Ördög Vince, Molnár Zoltán (2011)
Debreceni Egyetem, Nyugat-Magyarországi Egyetem, Pannon Egyetem
Table of Contents
Life on Earth depends on energy derived from the sun. Photosynthesis is the only process of biological importance that can harvest this energy. A large fraction of the planet’s energy resources results from photosynthetic activity in either recent or ancient times (fossil fuels). The term photosynthesis means literally “synthesis using light”. Photosynthetic organisms use solar energy to synthesize complex carbon compounds. The most active photosynthetic tissue in higher plants is the mesophyll of leaves. Mesophyll cells have many chloroplasts. In the chloroplasts, light energy is converted into chemical energy by two different functional units called photoystems. The absorbed light energy is used to power the transfer of electrons through a series of compounds to act as electron donors and electron acceptors. The majority of electrons ultimately reduce NADP+ to NADPH and oxidize H2O to O2. Light energy is also used to generate a proton motive force (PMF) across the thylakoid membrane. This PMF is used to synthesize ATP.
General concept of photosynthesis
Light has both particle and wave characteristics
Light has properties of both particles and waves (Figure 2.1). A wave is characterized by a wavelength. The light wave is a transverse (side-to-side) electromagnetic wave, in which both electric and magnetic fields oscillate perpendicularly to the direction of propagation of the wave and at 90o with respect to each other. Sunlight is like a rain of photons of different frequencies. Human eyes are sensitive to only a small range of frequencies – the visible-light region of the electromagnetic spectrum (Figure 2.2). The absorption spectrum of chlorophyll-a indicates approximately the portion of the solar output that is utilized by plants. An absorption spectrum provides information about the amount of light energy taken up or absorbed by a molecule or substance as a function of the wavelength of the light.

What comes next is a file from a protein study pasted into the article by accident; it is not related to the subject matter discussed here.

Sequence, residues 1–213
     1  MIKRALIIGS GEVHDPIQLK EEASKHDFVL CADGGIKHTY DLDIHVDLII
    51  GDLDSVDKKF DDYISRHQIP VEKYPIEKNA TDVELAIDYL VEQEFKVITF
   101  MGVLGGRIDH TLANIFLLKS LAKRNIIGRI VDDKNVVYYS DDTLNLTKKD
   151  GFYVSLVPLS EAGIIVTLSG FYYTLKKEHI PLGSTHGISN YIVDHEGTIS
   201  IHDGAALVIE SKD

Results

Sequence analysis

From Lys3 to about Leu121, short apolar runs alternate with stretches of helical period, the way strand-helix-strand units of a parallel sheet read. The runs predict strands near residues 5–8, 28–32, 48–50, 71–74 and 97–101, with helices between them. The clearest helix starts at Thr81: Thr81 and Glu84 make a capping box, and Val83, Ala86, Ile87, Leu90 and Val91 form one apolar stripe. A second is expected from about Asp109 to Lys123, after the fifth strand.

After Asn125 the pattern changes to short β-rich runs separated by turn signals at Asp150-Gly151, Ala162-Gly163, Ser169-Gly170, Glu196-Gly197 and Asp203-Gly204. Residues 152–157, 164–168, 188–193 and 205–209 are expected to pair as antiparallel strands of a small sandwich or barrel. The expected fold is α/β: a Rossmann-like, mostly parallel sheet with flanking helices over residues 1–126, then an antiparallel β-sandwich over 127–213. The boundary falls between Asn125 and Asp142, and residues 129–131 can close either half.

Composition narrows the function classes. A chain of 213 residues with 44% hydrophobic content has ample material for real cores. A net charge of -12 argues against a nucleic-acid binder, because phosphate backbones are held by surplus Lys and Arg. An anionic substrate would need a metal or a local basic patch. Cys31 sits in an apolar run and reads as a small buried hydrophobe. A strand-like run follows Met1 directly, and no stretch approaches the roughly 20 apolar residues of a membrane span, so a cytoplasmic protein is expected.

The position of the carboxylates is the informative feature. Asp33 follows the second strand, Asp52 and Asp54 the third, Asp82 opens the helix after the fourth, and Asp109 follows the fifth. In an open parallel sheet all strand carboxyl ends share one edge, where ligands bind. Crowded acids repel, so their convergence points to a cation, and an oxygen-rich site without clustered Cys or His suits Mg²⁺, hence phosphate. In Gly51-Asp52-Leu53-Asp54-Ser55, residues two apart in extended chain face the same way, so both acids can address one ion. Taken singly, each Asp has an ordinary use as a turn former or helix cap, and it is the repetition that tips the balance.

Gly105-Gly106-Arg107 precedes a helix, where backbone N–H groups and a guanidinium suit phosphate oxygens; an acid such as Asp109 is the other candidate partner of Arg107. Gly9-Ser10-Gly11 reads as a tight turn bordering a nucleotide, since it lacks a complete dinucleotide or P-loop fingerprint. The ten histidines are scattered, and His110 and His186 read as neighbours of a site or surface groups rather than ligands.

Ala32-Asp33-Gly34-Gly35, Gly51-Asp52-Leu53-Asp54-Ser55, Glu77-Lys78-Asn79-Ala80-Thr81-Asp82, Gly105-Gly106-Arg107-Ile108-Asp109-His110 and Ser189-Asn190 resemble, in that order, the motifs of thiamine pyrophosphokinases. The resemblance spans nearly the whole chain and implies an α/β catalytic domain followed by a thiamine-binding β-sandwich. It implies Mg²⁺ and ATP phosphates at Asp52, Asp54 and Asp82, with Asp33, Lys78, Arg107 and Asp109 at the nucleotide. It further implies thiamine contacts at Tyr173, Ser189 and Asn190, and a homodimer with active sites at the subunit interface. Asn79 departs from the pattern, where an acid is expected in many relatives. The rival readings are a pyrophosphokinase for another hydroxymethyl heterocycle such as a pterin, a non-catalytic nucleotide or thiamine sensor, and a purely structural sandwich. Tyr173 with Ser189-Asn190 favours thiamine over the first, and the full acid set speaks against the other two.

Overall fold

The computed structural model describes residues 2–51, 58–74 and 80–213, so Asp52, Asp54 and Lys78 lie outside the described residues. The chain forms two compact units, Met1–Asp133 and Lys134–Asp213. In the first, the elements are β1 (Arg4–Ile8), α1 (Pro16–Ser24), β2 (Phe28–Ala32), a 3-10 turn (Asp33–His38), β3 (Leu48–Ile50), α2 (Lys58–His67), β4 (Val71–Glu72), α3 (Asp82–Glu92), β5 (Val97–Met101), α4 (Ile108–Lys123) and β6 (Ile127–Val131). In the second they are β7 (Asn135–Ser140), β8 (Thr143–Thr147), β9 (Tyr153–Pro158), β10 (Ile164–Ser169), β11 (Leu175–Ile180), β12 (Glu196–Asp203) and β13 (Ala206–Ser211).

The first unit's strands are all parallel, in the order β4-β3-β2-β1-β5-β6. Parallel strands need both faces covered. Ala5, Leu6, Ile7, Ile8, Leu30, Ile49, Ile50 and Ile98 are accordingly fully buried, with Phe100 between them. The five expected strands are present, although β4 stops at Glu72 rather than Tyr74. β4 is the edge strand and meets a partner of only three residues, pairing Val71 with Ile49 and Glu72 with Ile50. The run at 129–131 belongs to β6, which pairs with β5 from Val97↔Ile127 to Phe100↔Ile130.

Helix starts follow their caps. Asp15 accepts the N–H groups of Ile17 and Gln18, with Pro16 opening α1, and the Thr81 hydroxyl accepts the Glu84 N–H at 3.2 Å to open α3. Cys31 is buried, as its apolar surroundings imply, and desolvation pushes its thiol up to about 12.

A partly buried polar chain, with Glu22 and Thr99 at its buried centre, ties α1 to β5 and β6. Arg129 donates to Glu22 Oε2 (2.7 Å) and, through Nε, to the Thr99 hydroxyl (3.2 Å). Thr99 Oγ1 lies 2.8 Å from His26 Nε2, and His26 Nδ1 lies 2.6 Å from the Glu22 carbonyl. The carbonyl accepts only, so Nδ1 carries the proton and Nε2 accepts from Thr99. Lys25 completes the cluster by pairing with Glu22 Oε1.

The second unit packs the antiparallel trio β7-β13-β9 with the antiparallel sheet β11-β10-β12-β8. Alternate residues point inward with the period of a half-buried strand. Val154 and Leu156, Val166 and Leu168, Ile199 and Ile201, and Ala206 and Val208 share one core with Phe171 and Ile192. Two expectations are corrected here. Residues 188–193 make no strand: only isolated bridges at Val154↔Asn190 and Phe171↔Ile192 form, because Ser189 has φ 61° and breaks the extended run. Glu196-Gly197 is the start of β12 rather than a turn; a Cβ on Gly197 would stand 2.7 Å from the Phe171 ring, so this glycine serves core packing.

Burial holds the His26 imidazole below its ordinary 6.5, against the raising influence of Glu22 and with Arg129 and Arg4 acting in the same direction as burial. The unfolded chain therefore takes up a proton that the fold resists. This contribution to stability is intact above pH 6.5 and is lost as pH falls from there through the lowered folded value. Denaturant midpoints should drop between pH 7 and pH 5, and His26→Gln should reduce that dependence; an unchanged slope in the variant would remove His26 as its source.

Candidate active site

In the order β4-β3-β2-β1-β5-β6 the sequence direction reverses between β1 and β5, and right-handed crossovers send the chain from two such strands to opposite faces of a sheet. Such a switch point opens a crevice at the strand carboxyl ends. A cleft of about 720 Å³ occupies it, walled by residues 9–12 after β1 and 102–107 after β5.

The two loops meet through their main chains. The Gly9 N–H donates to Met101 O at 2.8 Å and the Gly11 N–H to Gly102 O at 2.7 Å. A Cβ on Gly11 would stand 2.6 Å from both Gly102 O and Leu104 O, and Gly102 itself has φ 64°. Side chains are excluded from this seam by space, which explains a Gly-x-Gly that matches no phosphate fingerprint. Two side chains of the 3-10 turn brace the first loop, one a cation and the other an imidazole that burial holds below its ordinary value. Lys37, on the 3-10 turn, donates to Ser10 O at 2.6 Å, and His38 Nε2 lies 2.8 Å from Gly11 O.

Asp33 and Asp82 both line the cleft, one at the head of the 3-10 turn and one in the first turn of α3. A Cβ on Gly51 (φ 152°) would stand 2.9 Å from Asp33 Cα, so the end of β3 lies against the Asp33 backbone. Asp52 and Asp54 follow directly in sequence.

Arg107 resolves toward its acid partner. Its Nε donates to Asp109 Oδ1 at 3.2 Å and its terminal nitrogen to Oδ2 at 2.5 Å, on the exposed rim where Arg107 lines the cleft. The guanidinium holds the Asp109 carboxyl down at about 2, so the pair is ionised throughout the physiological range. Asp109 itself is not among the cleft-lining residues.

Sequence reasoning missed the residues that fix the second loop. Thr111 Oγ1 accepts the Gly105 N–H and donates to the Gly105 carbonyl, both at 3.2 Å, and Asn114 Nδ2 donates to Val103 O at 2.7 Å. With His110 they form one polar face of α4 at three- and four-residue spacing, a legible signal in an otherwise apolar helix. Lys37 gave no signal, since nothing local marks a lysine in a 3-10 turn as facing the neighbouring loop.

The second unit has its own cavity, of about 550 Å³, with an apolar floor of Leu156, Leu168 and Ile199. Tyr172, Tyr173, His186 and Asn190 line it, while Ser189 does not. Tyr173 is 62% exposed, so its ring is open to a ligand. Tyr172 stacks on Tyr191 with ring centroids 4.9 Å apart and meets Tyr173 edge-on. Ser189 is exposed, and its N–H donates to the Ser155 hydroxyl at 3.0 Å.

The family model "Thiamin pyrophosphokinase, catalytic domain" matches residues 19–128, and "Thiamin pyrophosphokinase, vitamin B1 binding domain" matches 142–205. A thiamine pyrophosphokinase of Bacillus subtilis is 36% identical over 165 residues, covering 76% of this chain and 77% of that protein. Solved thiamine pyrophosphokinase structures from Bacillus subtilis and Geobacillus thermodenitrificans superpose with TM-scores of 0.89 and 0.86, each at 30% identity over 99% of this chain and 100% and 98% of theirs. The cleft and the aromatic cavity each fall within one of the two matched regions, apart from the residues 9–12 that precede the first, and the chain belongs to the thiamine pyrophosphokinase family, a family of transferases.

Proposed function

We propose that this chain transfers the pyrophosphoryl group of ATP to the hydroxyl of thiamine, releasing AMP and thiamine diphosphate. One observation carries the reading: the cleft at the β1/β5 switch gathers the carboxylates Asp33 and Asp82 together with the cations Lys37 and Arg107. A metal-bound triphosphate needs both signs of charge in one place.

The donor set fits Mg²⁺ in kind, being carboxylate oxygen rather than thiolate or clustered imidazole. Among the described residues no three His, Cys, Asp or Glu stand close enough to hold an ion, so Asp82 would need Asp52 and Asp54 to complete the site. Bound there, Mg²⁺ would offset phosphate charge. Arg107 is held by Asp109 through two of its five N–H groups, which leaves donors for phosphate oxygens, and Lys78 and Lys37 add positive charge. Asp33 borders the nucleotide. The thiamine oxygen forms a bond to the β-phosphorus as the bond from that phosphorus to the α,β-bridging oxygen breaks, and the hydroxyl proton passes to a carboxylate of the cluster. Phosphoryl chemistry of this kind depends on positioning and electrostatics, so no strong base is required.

Chlorophyll appears green to our eyes because it absorbs light mainly in the red and blue parts of the spectrum, so only some of the light enriched in green wavelength is reflected into our eyes. Chlorophyll (Chl) in its lowest-energy, or ground state absorbs a photon and makes a transition to a higher-energy, or excited state (Chl*) (Figure 2.3). Absorption of blue light excites the chlorophyll to a higher-energy state than absorption of red light, because the energy of photons is higher when their wavelength is shorter. In the higher excited state, chlorophyll is extremely unstable, it very rapidly gives up some of its energy to the surrounding as heat, and enters the lowest excited state, where it can be stable for a maximum of several nanoseconds (10-9 s). Because of the inherent instability of the excited state, any process that captures its energy must be extremely rapid.
Figure 2.1 Light is a transverse electromagnetic wave, consisting of oscillating electric and magnetic fields (source: Taiz L., Zeiger E., 2010)
Figure 2.2 The electromagnetic spectrum (source: Taiz L., Zeiger E., 2010)
In the lowest excited state, the excited chlorophyll has four alternative pathways for disposing of its available energy:
Excited chlorophyll can re-emit a photon and thereby return to its ground-state – a process known as fluorescence.
The excited chlorophyll can return to its ground state by directly converting its excitation energy into heat, with no emission of a photon
Chlorophyll may participate in energy transfer, during which an excited chlorophyll transfers its energy to another molecule.
A fourth process is photochemistry, in which the energy of the excited state causes chemical reactions to occur. The photochemical reactions of photosynthesis are among the fastest known chemical reactions. This extreme speed is necessary for photochemistry to compete with the three other possible reactions of the excited state.
Figure 2.3 Light absorption and emission by chlorophyll (source: Taiz L., Zeiger E., 2010)
Photosynthetic pigments absorb the light that powers photosynthesis
The energy of sunlight is first absorbed by the pigments of the plant (Figure 2.4). All pigments active in photosynthesis are found in the chloroplast. The chlorophylls and bacteriochlorophylls are the typical pigments of photosynthetic organisms. Chlorophylls a and b are found in green plants, and c and d are found in some protists and cyanobacteria. All chlorophylls have a complex ring structure that is chemically related to the porphyrin-like groups found in haemoglobin and cytochromes.